The St. Louis Blues may not have eased many fears with their performance north of the border. However, for a first game after a bye, the end result was good enough.
The St. Louis Blues opened up the second half of the season in decent fashion. Mathematically, they began the second half before the bye week, but the NHL has about 50 things you can point to as the middle of the season, so I digress.
Coming out of their bye week, they faced the Toronto Maple Leafs. While the Blues have a pretty good record against Toronto ever since the lockout, you always wonder if this game or that will be the one to end a streak.
Things were tight from the beginning. Although St. Louis dominated most of the offense in terms of shots, neither team could really get a firm grasp on the game.
We witnessed a scoreless affair until the third period. Then it became a free-for-all once the first goal went in. It was a back and forth game from there on out.
Fortunately for fans who stuck it out for the entire thing, the good guys ended up on top. It did not look like that would happen for a good while, but at this point it doesn’t matter how you get there as long as you get there.
The Blues defended well.
In any game, you’re going to have lapses. So, there are almost no times when a team defends perfectly for an entire game, even if you get a shutout.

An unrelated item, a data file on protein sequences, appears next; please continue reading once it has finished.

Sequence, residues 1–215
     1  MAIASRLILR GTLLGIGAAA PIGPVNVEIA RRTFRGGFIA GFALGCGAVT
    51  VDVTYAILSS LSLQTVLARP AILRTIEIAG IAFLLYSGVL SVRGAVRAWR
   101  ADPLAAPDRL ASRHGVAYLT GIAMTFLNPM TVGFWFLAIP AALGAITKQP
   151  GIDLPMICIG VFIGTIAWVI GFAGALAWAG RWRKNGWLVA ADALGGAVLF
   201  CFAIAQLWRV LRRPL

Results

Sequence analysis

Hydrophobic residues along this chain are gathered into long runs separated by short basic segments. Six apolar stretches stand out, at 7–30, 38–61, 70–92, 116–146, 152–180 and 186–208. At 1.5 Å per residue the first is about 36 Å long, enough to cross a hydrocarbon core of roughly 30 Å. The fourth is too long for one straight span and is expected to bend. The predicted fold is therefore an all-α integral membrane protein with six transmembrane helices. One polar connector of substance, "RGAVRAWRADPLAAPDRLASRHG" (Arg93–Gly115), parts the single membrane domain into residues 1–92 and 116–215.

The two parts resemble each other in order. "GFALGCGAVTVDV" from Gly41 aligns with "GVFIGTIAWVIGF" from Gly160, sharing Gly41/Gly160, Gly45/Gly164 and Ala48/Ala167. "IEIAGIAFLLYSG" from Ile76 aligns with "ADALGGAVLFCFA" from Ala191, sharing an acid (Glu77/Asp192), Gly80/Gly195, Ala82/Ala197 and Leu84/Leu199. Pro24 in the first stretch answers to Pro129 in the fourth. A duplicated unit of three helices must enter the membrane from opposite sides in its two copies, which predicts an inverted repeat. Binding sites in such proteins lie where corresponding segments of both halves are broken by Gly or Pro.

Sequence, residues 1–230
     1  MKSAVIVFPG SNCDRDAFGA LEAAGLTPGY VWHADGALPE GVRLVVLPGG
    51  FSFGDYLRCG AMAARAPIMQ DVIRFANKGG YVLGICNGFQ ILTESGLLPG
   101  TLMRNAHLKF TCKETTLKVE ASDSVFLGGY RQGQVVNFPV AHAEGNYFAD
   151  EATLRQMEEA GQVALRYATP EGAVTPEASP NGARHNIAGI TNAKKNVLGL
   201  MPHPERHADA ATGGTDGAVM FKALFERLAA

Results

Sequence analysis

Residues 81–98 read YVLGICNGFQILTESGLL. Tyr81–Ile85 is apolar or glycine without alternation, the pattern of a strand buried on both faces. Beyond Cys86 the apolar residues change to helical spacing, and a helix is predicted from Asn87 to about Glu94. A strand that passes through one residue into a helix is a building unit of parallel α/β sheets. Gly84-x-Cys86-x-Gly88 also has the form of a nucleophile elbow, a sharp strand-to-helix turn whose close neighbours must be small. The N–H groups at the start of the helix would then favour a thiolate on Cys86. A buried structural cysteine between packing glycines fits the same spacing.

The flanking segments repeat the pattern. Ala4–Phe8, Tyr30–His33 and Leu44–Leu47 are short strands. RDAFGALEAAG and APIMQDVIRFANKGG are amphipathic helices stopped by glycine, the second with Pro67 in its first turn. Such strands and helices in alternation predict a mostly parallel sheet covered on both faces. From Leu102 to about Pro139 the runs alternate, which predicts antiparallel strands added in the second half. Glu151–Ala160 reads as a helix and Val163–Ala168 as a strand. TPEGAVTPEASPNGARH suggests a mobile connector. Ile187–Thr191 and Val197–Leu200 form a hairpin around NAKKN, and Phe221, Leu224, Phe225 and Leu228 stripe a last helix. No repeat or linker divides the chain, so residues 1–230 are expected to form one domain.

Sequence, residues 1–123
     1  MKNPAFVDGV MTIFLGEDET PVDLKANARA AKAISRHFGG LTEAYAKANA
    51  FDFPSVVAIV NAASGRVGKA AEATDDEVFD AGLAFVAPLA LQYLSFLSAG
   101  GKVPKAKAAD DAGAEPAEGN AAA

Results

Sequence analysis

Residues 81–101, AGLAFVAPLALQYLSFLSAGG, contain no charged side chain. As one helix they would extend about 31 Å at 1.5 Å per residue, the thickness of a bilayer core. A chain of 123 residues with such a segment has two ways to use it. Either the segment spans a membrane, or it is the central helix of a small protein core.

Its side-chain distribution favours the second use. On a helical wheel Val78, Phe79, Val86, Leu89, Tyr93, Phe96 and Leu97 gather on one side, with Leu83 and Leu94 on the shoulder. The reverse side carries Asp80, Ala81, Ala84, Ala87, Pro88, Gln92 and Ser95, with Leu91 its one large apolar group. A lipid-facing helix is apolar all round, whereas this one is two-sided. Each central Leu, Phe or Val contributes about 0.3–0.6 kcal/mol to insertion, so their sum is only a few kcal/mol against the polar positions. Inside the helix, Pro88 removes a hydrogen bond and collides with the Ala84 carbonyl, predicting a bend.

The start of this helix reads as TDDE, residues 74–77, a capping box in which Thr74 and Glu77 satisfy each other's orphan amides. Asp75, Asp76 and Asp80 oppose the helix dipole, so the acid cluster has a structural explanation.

Thus, some people will not agree that the team defended well. However, they did their job for the most part.
They held Toronto to only seven first period shots and 31 shots in total. If not for the usual second period problems, where they allowed 12 shots, Toronto’s offense was kept in check for the most part.
We’ll get into the issue that led to the goal, but overall the Blues were on top of things. They were physical enough in the opening stages, with Chris Thorburn even getting into a scrap. The defenders took away enough passing lanes to keep the shots from reasonably safe positions as well.
There were a few issues here and there. For not having played in a week, though, the Blues looked sharp overall.
The Blues allowed another shorthanded goal.
St. Louis has given up five shorthanded goals now. That’s slightly above the league average.
It feels like all five have come in the last few weeks. Of course, in reality, it is only the second one since November, but it is two games in a row after having given one up against Florida.
The problem is that the Blues truly terrible power play has sprung into problems the other way. It seems like game after game they allow breaks and odd-man rushes down the ice when St. Louis is the team on the man advantage. The same thing happened to lead to the Toronto goal.